If you haven’t heard, tomorrow is the 3rd annual international event created by the WWF (World Wide Fund for Nature/World Wildlife Fund) deemed Earth Hour. Earth Hour is held the last Saturday of March in which the world is challenged to turn off the lights (and any electrical device) for one hour to raise awareness for climate change. This year, 8:30 p.m. is the time when the action starts, or I guess you could say, no action.
I honestly haven’t heard much about it until this year, but it seems to be getting a lot of media attention and sponsorship. I would imagine this movement will continue to grow as Earth Hour continues to gain exposure. But what is the deal with the time exactly? I’m not trying to knock it or anything, but I think 8:30 p.m. seems to be an odd time. It would seem that a majority people would be out and about on a Saturday night. I suppose the time was driven by when most of the world is in the evening hours (Civil Twilight is at 7:46 p.m. on Saturday).
It will interesting to see how the Earth Hour was observed throughout the world. Hundreds of cities have already committed to the initiative. Some of the world’s modern marvels are shutting off the lights including the Great Pyramids of Giza, the Acropolis, Empire State Building and the Petronas Towers, to name a few.
This movement is definitely more about awareness than a conservation effort. It really intrigued me when I was listening to the radio on the drive home yesterday. An energy engineer for a local energy company had called in saying how he was concerned about the effects of Earth Hour. He had said that if a large majority of the households on the grid were to turn off all electricity for an hour, the computer mechanism that drives the grid would decrease. Being that this is a temporary ‘lights out’ campaign, once the households turned their power back on at 9:30 p.m., it would bring the grid to it’s knees causing a brownout.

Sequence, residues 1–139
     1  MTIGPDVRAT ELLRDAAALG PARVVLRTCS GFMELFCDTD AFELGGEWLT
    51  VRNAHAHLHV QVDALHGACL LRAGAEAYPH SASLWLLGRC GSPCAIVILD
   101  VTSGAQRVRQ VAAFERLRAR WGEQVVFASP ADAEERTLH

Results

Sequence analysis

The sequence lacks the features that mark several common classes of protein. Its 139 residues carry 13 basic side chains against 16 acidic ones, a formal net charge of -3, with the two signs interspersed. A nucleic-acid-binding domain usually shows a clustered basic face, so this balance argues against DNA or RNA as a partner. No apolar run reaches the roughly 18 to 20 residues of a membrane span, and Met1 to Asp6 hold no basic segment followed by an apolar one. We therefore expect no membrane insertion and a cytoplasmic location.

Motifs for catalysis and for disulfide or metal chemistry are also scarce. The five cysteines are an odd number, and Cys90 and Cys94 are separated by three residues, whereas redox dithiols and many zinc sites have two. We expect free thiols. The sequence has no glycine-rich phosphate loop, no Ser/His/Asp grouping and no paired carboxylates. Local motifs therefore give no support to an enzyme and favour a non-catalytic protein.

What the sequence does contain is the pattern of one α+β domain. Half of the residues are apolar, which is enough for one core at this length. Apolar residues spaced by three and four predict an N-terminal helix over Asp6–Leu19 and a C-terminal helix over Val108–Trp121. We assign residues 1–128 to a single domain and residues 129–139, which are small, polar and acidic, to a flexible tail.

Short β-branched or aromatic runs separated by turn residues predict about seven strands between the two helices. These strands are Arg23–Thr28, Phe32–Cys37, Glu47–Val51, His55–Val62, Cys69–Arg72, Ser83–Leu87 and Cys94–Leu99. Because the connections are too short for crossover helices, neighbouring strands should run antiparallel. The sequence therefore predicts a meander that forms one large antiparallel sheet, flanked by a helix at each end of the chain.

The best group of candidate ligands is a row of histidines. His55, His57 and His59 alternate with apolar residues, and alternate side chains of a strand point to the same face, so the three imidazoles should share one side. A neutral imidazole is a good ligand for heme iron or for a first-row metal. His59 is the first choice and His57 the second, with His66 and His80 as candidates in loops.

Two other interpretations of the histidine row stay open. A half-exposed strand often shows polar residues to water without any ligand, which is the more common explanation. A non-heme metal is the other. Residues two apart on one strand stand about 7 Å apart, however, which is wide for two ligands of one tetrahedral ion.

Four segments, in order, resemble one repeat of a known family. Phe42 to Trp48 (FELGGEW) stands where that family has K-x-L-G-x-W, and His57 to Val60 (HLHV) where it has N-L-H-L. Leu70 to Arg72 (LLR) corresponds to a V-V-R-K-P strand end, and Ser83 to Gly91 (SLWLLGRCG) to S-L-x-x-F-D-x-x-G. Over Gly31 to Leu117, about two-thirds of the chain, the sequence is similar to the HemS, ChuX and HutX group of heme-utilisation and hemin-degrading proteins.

It was an interesting conversation and wish I could post it verbatim. The radio host said that maybe this would be a good thing. Would you agree? Would you deem the Earth Hour movement a success if it caused a brown out? The worker said he would be concerned about hospitals and other critical infrastructure that relies heavily on energy. He ultimately conceded that this was an extreme case and not likely to happen. It was interesting nonetheless.
So what are you Earth Hour plans? To be honest, I don’t think we will make a conscious effort to observe Earth Hour this year. I mean, if we leave the house, and thus turning off everything, are we really doing anything to help the Earth Hour initiative? Sure, the lights are out, but we are driving a car! Not only that, but whatever we partake in outside of our humble abode will most likely not be observing Earth Hour either.
Here are 10 different ways to spend Earth Hour and reduce your carbon footprint:
1. Attend a local Earth Hour event or organize your own by throwing an Earth Hour street party with your neighbours
2. Gather family & friends for a night picnic in your local park and look at the stars
3. Enjoy a family dinner by candlelight
4. Organize a treasure hunt in the dark
5. Take the dog for a night walk
6. Have a candle-lit bath
7. Sit in the dark and share stories
8. Organize a family night playing board games
9. Share a romantic night in with your loved one
10. Upload your ‘on the night’ photos and videos to flickr and YouTube respectively, and then add them to the Earth Hour flickr group and the global YouTube Group.
More information can be found at EarthHour.org.
What are your Earth Hour plans?